What Caused The Megalodon - The Largest Shark That Ever Lived - To Go Extinct?

What Caused The Megalodon - The Largest Shark That Ever Lived - To Go Extinct?

"Duunnn dunnn... duuuunnnn duun..."

A great white shark sends chills up the spine of most people, but just imagine a shark that is three times their length with teeth three times their size.

Sounds like a mythical beast, but it was a real shark that existed millions of years ago.

It was the megalodon - the largest shark that ever lived.

The massive apex predator ruled the oceans for millions of years feeding primarily on baleen whales. According to Britannica, their fossil remains have been found in shallow water along the coastlines of all continents, except Antarctica.

They resemble a white shark in appearance but are substantially larger. The adult females are larger than the males and are believed to have been over 80 feet long and weighed up to 143,000 pounds.

As if their size was not enough to frighten you, their bite force (40,000 pounds per square inch) is believed to be the most powerful of any creature that ever lived, states Ocean Conservancy.

Scientists have discovered many things about these sharks, but still have a lot of unanswered questions. Little is known about the shark's courtship, nursing, and when the juveniles leave their mothers.

But one thing that is certain is that megalodon sharks are extinct and have been for the past 2.58 million years.

What caused the megalodon to go extinct?

It may surprise you to learn that the shark that is believed to be a close relative and closely resembles the megalodon, but in smaller form, is partly responsible for its demise.

That's right, the great white shark.

Initially, researchers thought climate change impacted the temperature and level of sea water and caused the extinction of the megalodon. They believed the cooler temperatures made it difficult for sea life (like baleen whales) to manage their body temperatures and led to their death. The lower levels of sea water eliminated nursing areas and shallow feeding grounds.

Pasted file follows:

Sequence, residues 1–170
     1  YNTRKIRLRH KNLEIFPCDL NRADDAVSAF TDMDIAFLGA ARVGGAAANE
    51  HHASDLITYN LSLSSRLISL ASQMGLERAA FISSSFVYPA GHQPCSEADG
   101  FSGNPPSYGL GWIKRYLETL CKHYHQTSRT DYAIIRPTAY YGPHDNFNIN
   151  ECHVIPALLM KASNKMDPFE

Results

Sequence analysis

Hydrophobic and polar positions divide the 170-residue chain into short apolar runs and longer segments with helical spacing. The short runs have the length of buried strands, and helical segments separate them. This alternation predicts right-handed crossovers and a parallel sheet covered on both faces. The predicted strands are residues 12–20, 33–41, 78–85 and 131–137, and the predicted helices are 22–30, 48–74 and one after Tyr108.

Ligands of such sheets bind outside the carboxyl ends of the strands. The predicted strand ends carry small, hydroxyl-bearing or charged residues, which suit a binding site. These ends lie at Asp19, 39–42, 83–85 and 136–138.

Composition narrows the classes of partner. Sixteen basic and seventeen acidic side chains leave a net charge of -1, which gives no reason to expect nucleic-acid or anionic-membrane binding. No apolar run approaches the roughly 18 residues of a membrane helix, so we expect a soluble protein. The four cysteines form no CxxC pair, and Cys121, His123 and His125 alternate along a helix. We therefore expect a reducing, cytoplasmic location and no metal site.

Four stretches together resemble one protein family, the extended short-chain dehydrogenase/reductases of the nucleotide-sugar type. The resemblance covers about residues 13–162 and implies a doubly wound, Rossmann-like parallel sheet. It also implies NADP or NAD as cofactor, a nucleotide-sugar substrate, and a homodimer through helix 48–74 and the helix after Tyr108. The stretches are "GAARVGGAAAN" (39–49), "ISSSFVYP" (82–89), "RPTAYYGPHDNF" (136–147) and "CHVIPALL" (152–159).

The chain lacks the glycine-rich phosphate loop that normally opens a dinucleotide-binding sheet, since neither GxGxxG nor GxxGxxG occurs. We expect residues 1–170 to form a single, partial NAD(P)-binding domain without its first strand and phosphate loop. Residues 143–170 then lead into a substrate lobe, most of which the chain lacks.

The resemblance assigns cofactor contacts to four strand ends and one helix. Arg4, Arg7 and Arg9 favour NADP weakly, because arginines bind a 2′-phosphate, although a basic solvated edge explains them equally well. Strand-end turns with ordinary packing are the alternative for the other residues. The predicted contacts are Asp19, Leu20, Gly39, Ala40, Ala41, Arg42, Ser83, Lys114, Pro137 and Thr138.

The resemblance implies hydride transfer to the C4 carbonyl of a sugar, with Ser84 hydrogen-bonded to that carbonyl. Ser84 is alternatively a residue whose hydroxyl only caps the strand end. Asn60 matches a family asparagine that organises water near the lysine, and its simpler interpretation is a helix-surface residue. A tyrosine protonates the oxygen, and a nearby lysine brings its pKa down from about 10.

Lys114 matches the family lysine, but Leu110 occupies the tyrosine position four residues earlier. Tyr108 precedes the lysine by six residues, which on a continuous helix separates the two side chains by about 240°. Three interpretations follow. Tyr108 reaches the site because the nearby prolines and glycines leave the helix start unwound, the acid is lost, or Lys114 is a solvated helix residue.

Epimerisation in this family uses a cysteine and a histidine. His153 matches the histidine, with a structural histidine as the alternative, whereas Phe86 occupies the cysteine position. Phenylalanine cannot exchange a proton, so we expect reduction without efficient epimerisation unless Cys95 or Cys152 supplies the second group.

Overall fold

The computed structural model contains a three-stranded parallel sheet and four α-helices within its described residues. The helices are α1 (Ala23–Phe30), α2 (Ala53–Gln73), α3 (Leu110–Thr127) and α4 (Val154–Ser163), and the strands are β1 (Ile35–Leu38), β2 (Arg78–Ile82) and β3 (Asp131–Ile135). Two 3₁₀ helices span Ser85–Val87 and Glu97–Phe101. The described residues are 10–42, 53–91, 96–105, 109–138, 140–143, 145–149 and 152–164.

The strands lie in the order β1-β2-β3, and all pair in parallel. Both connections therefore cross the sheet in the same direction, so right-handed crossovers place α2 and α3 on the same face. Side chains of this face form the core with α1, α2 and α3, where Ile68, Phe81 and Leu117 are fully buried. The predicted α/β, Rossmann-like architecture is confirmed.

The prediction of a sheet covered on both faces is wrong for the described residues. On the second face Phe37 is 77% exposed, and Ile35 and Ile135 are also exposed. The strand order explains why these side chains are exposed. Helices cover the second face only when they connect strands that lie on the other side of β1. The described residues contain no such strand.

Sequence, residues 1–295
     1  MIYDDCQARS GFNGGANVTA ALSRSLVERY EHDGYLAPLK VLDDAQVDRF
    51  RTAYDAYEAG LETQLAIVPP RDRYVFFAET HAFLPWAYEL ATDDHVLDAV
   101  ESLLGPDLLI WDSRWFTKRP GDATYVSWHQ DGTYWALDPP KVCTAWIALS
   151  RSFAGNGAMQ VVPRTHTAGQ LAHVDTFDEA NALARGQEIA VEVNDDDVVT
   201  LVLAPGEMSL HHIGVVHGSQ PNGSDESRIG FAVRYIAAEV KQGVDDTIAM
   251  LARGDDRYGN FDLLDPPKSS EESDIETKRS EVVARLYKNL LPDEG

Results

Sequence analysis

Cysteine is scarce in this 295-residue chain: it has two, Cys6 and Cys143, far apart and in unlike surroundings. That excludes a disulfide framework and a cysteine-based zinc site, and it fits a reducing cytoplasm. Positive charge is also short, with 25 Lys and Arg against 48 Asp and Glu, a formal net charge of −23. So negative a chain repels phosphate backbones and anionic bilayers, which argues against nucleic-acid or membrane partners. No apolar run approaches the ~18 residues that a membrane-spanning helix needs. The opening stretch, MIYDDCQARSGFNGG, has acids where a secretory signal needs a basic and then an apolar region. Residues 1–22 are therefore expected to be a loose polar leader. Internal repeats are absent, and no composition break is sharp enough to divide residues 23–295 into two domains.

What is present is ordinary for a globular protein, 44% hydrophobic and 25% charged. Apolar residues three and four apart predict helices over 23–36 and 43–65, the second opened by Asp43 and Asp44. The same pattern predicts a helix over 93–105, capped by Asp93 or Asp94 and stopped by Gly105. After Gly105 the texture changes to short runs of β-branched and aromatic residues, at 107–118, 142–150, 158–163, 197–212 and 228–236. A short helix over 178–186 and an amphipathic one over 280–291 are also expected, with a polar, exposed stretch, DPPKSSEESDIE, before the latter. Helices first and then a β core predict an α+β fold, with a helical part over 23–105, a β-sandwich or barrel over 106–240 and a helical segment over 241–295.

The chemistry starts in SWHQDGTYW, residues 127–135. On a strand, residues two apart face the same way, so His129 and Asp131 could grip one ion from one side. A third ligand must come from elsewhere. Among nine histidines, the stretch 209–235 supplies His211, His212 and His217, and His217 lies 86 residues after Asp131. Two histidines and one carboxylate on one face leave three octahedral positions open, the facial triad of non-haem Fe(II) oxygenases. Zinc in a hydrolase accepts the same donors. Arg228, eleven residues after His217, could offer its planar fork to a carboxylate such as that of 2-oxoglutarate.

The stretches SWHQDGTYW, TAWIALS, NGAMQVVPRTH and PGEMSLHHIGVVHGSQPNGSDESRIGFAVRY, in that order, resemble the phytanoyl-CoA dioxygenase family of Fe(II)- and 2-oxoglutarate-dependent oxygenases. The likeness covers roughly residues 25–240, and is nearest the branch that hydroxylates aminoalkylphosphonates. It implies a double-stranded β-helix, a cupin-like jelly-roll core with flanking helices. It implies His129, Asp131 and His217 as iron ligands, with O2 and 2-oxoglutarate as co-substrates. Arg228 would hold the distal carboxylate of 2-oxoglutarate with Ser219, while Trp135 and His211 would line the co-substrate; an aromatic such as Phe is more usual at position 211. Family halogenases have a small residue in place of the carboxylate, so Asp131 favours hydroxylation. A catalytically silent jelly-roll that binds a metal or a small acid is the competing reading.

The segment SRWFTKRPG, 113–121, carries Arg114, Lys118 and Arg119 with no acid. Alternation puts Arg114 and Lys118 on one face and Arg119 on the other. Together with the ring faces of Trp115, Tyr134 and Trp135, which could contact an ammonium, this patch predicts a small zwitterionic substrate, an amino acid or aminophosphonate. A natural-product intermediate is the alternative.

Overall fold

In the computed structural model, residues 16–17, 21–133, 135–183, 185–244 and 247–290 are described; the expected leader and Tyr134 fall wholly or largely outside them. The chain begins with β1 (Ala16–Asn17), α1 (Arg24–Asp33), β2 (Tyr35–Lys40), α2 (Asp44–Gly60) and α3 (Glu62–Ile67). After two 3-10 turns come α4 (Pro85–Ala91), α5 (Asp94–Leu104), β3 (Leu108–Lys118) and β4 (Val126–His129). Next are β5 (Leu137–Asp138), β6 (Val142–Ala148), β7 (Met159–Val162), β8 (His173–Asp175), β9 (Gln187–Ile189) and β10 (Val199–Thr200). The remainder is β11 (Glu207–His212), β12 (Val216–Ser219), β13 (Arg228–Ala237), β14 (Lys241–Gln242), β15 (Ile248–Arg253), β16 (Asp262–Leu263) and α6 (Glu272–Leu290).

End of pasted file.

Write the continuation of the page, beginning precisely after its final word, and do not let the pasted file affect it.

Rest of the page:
While climate change played a part, later studies found that the decrease in baleen whales and an increase in competitors, like the great white and killer whales, likely pushed the gigantic shark into extinction.

Scientist Robert Boessenecker, from the College of Charleston's Geology and Environmental Geosciences Department, told Newsweek, "I fully expect that, if our hypothesis is correct—that modern great whites outcompeted C. megalodon—that modern great whites probably drive the ecology and survivability of other predatory sharks."

He went on to say that there is still so much unknown and to be discovered about marine ecosystems. "Many modern shark species are threatened or endangered, and the fact that the introduction of one new species may have been all that was needed to topple an apex predator lineage that had ruled the oceans for around 30 million years tells us that marine ecosystems—even without human-mediated climate change, ocean acidification, pollution, and microplastic accumulation—are likely more fragile, and poorly understood, than most people acknowledge".

The megalodon still lives on in movies and in nightmares...

Check out the video below to learn more interesting facts about megalodon sharks, and don't forget to share.


Andrea Powell

Andrea Powell is an animal enthusiast who resides in West Michigan. When not writing, she is exploring the great outdoors with her dogs and horses.

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